What satisfaction level should you expect from your tech vendor
Customers are a tech company’s most valuable resource. One standard by which service providers and vendors measure themselves is whether the customer would recommend them to a friend or colleague.
Trust is Essential
Obviously, trust is a very important component of any relationship with a technology vendor. If you believe the vendor is acting in contradiction with the values that they presented themselves with when you originally started your business relationship, that is a serious red flag. If you find that the quotes you get from them don’t ring true when the bill comes, without good explanation, you should re-evaluate your relationship with this vendor.
Technology can be a precarious field when you dedicate thousands of dollars to this or that technology, effectively locking yourself into that particular platform or technology. It can put you at the mercy of your technology vendor, especially if customized modules are expensive and/or time-consuming. You should always be on-guard with your technology vendor and make sure they deliver on their promises. Technology services, hardware and software are expensive—and shady dealings, hidden charges, empty promises and poor communication can make things that much more expensive.
Does the Vendor Have Competition?
One factor that affects your satisfaction level is the competition in the space that the vendor operates. If there are plenty of firms that can deliver a similar solution, you will not have much trouble finding an alternative if one vendor doesn’t suit you. In more competitive spaces, however, you will find that firms are on their game and eager to go the extra mile to make you a happy customer. If a firm is the only one operating in their space, or if their product or service is head and shoulders above the competition, you will have fewer alternatives. Consequently, because of their dominance of the market space, you may also find them less sympathetic to keeping you completely satisfied.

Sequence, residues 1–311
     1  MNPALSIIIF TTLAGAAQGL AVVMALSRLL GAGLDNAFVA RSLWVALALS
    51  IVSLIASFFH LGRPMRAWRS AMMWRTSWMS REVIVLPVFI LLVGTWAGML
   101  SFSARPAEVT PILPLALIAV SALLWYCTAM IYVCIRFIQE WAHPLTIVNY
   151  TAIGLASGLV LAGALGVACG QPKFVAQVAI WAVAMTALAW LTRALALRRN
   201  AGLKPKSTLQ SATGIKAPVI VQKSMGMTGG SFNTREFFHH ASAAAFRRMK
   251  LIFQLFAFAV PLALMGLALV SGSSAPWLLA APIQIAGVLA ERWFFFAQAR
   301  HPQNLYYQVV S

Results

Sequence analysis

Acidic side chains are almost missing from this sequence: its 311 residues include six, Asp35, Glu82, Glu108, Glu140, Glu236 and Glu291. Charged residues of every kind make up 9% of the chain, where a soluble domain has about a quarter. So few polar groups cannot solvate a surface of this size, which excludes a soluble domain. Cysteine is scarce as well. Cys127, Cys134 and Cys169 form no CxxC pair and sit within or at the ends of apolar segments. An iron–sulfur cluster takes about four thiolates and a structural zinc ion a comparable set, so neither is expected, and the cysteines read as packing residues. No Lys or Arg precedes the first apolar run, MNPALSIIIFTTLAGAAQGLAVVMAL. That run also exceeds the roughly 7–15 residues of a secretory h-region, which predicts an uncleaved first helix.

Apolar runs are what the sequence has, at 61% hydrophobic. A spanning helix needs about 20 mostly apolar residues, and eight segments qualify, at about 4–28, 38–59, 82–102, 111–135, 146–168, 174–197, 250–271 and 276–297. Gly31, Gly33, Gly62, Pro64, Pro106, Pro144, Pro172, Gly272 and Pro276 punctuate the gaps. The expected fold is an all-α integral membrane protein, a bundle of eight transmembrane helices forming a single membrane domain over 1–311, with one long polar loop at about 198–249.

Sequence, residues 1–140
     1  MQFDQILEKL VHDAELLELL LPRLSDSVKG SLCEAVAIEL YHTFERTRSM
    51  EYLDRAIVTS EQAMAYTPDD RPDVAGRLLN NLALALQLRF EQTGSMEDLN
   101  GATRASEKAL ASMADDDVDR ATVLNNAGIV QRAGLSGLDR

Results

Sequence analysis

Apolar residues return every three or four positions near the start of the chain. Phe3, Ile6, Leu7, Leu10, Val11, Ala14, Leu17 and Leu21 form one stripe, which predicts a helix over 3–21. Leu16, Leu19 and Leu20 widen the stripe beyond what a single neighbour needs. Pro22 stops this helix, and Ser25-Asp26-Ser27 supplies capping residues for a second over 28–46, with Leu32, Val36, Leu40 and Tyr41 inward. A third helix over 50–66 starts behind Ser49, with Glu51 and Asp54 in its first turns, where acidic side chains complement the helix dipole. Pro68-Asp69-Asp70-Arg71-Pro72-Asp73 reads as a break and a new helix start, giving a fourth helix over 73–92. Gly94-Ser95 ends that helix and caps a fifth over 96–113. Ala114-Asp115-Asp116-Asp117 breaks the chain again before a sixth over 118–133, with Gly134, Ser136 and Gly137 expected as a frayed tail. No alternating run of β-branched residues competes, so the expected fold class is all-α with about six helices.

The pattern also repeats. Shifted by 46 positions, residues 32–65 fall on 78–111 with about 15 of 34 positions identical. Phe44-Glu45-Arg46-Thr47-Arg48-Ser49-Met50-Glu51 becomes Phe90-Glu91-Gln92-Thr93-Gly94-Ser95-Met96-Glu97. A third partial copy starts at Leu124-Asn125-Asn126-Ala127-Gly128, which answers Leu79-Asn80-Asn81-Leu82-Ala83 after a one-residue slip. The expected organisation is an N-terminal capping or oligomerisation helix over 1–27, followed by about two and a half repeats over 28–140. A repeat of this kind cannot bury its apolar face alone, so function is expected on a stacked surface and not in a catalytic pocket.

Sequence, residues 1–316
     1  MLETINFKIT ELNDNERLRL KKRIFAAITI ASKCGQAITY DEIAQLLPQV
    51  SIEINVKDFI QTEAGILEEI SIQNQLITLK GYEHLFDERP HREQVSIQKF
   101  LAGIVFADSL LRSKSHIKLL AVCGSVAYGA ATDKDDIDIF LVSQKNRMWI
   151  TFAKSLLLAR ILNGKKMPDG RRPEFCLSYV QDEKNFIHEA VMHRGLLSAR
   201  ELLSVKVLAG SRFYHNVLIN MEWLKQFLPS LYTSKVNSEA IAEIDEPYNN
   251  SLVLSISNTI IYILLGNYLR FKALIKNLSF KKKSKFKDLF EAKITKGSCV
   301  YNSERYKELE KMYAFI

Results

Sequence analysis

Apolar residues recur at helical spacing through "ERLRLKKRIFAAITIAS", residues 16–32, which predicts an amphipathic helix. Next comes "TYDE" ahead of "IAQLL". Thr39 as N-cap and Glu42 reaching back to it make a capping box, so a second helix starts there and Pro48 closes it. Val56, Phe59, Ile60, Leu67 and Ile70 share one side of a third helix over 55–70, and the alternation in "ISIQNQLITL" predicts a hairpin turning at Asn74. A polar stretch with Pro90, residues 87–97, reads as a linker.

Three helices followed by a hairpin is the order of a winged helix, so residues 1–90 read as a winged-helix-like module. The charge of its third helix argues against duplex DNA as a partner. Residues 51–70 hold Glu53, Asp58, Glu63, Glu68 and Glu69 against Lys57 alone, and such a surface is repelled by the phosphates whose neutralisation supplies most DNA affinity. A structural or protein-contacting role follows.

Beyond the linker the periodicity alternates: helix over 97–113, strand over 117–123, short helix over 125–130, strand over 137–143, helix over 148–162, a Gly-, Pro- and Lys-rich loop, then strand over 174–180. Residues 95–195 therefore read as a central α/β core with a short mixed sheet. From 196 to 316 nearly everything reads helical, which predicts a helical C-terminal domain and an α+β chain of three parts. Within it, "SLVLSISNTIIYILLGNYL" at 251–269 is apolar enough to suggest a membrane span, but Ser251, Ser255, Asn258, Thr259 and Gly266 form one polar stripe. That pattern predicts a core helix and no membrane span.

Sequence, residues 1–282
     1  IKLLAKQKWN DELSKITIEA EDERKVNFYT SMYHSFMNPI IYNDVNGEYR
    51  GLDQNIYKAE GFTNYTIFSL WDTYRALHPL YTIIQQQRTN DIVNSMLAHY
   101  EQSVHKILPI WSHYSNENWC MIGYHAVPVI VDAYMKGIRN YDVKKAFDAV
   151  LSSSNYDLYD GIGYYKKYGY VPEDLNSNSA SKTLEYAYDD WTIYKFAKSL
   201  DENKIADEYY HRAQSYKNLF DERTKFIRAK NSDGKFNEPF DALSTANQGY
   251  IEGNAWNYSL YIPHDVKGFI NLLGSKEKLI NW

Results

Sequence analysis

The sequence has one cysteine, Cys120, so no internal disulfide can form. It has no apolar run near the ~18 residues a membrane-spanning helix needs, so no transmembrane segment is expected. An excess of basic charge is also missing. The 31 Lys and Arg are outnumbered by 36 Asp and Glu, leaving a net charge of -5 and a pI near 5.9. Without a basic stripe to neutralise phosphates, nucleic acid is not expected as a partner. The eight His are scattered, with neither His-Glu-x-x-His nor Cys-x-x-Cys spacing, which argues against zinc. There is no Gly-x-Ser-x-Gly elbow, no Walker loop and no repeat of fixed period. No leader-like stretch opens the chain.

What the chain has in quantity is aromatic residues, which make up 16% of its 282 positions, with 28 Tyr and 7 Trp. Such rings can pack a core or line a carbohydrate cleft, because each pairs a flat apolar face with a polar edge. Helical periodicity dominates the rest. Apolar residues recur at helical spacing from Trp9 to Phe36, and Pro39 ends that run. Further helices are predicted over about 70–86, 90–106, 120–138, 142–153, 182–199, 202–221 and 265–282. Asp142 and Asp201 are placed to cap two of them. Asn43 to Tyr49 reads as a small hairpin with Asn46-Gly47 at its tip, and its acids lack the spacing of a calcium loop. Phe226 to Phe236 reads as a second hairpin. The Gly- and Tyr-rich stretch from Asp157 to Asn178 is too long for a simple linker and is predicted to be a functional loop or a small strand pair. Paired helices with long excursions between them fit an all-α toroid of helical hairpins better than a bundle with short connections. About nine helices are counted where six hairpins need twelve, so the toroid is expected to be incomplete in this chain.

Are you a good fit for the vendor?
Some vendors will completely ignore companies who do not meet their profile. Some vendors only deal with huge companies, while others don’t have the capacity to deal with large companies, or simply don’t want the headache. Some vendors are open to any business. This is where it can get tricky. Some companies focus on a certain type of client, whether it be large companies, mid-sized companies, companies in a certain industry and other metrics.
Sometimes a vendor will sacrifice keeping a company that doesn’t fit their profile completely happy, so that they can put that effort into keeping a company that does meet their profile completely happy. Some support teams have been known to put low-severity issues with a large companies at a higher priority than high-severity issues with smaller companies. If you find yourself encountering issues with poor response for a support call, ask to speak with a shift manager or ask to escalate your case. If you ever have issues with support for a particular vendor, you should feel free to engage your sales rep with the vendor. They have a vested interest to keep you happy so that they can keep renewing your contract every year that tech support does not.
Technology vendors can be great allies in the battle to stay up to date in a fast-moving world. Getting the most of them depends on being aware of their market position, choosing the best fit for your organization and not tolerating vendors who are neglecting the responsibilities of your relationship.